At the end of August 1941 the 1st Battalion moved to the Western Desert, where in the summer of 1942 they took part in the Gazala Battle and in the defence of Tobruk. The Gazala line stretched from Gazala on the coast some fifty miles south to Bir Hachim. It consisted of a series of isolated infantry localities, wired and mined, which were called "Boxes" and between which were large gaps that could neither be held by artillery fire nor plugged by tanks. One such locality was Point 187 near Acroma, midway between Gazala and Tobruk, where the Battalion stood to meet the German onslaught. By 13th June 1942 the Germans had penetrated the surrounding defences and the Battalion Box became isolated. Enemy tanks attacked relentlessly and although some twenty of them were knocked out, all of the Battalions anti-tank guns had become casualties. Throughout the day the Battalion stayed true to its Motto of "FIRM" and as evening fell and with the desert a blazing inferno, orders were received for the Box to be evacuated.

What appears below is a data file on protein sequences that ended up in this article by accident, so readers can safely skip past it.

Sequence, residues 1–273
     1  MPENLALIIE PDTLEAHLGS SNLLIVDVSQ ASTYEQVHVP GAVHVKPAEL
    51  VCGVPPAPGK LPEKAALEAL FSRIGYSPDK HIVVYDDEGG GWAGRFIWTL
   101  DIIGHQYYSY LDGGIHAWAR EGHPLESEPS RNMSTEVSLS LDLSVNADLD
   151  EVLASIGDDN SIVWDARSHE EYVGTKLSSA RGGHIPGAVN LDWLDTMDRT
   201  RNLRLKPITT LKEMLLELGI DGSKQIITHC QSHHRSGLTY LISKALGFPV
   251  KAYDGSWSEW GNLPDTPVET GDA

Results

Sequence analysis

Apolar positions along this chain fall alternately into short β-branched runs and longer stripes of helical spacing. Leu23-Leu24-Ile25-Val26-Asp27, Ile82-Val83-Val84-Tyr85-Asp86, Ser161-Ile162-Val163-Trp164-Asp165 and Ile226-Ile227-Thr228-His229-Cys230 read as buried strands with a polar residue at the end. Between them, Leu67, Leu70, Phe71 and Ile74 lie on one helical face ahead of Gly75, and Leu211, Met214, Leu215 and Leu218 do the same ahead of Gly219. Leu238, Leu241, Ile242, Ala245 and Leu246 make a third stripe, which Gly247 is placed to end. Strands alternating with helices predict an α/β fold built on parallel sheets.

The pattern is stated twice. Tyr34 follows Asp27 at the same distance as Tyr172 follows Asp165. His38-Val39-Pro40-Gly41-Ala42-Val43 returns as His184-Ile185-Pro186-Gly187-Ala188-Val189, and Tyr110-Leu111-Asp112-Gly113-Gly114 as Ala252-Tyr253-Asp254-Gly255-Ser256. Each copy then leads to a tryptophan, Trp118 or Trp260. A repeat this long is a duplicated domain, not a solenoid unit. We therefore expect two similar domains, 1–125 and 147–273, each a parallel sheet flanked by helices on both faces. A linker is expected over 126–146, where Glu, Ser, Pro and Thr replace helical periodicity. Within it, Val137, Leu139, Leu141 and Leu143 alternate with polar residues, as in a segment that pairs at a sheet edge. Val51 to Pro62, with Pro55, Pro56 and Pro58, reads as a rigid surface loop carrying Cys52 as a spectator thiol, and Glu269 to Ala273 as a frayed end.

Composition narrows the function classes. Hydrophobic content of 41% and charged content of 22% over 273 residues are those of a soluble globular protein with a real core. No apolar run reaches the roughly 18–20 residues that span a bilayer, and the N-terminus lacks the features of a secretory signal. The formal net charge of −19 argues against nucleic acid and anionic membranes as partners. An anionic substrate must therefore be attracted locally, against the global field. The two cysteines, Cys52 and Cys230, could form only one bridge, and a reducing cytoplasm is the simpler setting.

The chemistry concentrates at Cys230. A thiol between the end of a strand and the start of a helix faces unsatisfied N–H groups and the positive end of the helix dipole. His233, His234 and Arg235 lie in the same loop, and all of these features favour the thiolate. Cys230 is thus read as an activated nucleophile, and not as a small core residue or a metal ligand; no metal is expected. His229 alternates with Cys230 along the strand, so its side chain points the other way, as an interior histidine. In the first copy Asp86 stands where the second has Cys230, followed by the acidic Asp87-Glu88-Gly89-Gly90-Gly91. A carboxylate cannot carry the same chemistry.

At Tobruk the German attack, which was launched on 20th June 1942 was heralded by a fierce air bombardment after which came well co-ordinated artillery fire from both the Germans and Italians. This in turn led to a massive Panzer attack against which resistance was virtually impossible. Any attempt to break out to the coast was forestalled by the enemy who were too thick on the ground. A general surrender was ordered - unlike at Corunna and Dunkirk where the soldiers of the Regiment had withdrawn to safety; at Tobruk few escaped being made Prisoners of War.
NORMANDY TO THE ELBE